“So, we actually generate $30 million of revenue before we even start paying any royalties, that effectively subordinates our royalty stream to any sort of debt funding or any other sort of funding that we might put in place.”

Not to mention it’s another arrow notched to Rafaella’s bow at a time of record tin prices.

“Tin is up 100 per cent of the last 12 months, it’s just shy of $40,000 a tonne,” Turner said.

“And with tungsten, APT is sitting at $22 at the moment, it’s up 50 per cent just on 12 months and over the last two years, it’s significantly more than that.

“What we have done is we’ve built at a very, very low cost, a sizable inventory of tin and tungsten, all within the same belt, all within a relatively short distance of each other, to the point where we may even get synergies right across all four projects.”

 

Well-placed to supply Europe and US

Turner said the three acquisitions strengthen the company’s strategic position in the Iberian Peninsula, where it’s well placed to supply to US and European markets.

“Santa Comba is 60km from a deepwater port, San Finx is very similar, because we’re in the northwest corner of Spain and Portugal and pretty much the closest access from Europe to North America,” he said.

“North America has no tungsten production and Europe is very short on tungsten as well. When we spoke to offtakers, they are very, very keen to lock in supplies from Spain and Portugal.”

He also pointed to the movement in Europe to supply critical minerals, as it’s heavility dependent on imports.

“The European Commission is increasingly focused on how to secure raw materials from within Europe and we are now sitting on four assets, so that really bumps us up in terms of the influence and position when we  sit down and talk with the European Commissioner about ways that we can get support going forward.”

Plus, the company can now ramp up or down projects to meet supply – and offers less risk to offtakers with resilience to operational issues that might cripple a single mine supplier.

The Santa Comba’s feasibility study will be released in the coming weeks, with the maiden JORC mineral resource estimate for the Borralha and Villa Verde projects to follow.
 

ESG high on the agenda

The company bought San Finx off Tungsten San Finx S.L.U., a subsidiary of Valoriza Mineria S.L.U. who’ve been selling off their assets to exit the mining business.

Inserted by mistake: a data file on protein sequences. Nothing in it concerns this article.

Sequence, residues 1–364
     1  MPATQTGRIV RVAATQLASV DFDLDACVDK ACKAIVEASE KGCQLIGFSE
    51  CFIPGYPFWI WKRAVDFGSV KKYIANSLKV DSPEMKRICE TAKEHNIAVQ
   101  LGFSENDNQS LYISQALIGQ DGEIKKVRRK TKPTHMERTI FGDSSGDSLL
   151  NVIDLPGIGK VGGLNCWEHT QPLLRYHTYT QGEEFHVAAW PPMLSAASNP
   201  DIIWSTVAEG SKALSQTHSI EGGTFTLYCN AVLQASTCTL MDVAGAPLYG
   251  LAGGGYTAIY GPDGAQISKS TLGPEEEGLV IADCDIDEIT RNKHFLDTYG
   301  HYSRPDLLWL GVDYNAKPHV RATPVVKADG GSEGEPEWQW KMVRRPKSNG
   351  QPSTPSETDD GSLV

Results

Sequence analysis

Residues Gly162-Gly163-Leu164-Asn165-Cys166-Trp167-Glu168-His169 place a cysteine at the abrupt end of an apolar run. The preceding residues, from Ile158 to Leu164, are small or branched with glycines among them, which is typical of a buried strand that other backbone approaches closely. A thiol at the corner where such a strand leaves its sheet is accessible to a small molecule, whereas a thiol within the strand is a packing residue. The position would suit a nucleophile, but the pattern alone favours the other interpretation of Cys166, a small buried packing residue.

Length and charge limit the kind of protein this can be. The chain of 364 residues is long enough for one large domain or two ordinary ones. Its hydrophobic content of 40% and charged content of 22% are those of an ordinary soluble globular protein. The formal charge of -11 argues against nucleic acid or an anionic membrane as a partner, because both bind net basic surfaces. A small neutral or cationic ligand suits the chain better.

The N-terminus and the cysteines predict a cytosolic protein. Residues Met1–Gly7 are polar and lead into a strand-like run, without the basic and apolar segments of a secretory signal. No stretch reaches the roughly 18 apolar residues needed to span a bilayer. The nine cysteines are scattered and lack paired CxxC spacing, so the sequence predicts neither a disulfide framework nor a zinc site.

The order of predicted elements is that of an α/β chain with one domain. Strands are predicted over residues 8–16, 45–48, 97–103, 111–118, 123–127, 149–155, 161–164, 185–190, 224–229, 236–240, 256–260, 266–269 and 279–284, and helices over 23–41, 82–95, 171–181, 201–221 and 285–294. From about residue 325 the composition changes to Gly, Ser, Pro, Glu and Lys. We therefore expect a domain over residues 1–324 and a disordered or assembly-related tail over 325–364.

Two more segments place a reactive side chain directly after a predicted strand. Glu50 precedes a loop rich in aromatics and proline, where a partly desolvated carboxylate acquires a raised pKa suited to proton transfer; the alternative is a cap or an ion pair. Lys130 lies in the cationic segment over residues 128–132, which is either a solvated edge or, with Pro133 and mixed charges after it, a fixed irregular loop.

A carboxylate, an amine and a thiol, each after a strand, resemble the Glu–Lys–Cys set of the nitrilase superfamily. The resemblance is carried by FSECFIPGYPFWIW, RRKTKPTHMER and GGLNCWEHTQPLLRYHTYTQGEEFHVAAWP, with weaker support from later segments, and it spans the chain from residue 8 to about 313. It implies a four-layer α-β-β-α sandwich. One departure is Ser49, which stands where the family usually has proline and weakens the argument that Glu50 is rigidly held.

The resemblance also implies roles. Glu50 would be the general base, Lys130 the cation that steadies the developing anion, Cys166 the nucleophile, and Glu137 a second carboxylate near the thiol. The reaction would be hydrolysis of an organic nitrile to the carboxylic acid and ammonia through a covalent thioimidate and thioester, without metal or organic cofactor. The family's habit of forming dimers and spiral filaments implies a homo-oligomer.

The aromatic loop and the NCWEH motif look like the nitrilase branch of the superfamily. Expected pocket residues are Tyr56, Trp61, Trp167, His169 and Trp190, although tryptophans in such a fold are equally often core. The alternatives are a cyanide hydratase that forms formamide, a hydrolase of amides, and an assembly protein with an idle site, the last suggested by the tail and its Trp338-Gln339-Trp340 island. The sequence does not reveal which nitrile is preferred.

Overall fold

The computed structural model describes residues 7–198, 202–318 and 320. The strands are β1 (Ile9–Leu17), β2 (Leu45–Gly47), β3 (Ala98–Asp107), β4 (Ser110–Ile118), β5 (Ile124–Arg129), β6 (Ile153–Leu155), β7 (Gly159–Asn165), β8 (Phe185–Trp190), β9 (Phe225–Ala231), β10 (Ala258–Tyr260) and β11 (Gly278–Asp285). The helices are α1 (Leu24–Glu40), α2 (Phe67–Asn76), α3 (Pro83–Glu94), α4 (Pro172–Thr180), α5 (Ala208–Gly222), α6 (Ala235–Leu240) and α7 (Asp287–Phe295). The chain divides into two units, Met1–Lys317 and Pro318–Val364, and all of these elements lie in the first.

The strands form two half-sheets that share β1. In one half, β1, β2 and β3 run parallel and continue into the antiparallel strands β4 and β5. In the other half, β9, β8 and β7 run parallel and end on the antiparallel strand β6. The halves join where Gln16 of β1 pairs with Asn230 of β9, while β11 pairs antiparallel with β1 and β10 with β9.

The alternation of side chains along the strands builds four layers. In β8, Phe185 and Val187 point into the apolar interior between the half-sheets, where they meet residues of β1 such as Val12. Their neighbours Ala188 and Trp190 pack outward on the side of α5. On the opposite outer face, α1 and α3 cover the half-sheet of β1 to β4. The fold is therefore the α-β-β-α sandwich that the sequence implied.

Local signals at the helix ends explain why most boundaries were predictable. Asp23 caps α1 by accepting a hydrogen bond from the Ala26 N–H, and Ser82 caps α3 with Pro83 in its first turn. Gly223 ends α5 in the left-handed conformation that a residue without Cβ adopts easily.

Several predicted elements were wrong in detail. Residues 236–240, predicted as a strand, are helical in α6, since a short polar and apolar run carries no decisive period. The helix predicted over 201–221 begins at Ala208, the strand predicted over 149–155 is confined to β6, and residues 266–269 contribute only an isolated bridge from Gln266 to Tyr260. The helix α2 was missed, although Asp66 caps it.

Commercial terms of the acquisition include that Valoriza will provide ongoing environmental support, having invested heavily in the environmental study work, especially concerning the water treatment.

And Valoriza will assume full cost for restoration should the water discharge permit not be granted, which significantly de-risks the acquisition for Rafaella.

The company intends to pursue renewable power options for all four of its projects going forward, having already signed an MoU with Capital Energy to explore the supply of green energy from their existing renewables portfolio through the development of a dedicated plant.
 

But demand uncertainty could play out until 2H FY22

While Turner is confident in tin and tungsten prices, Argus says uncertainty hangs over tungsten demand outlooks for the second quarter and second half of 2022, largely because the global semiconductor shortage could curb consumption by the automotive sector and fresh waves of Covid-19 may further delay the recovery of aerospace demand.

“The emergence of new, highly transmissible Covid-19 variants poses a major risk to global trade, supply and demand for tungsten,” Ramanathan said.

“Meanwhile, the semiconductor shortage continues to dent global vehicle production, which has also been reduced despite better-than-expected auto demand in the immediate aftermath of the 2020 Covid lockdowns.

“Consultancy AutoForecast Solutions estimates that North America may fall 3m vehicles short of its 2021 production plans, while consulting firm AlixPartners expects around 7.7m fewer vehicles have been produced this year.”

And further vehicle production cuts in 2022 could dampen tungsten demand and potentially push suppliers to destock, which would weigh on spot prices.

The outlook is for prices to flatten out towards the end of the year before declining gradually into 2022, Ramanathan said.


 

The post Tungsten could be walking a supply-demand tightrope but this company has high hopes for the European market appeared first on Stockhead.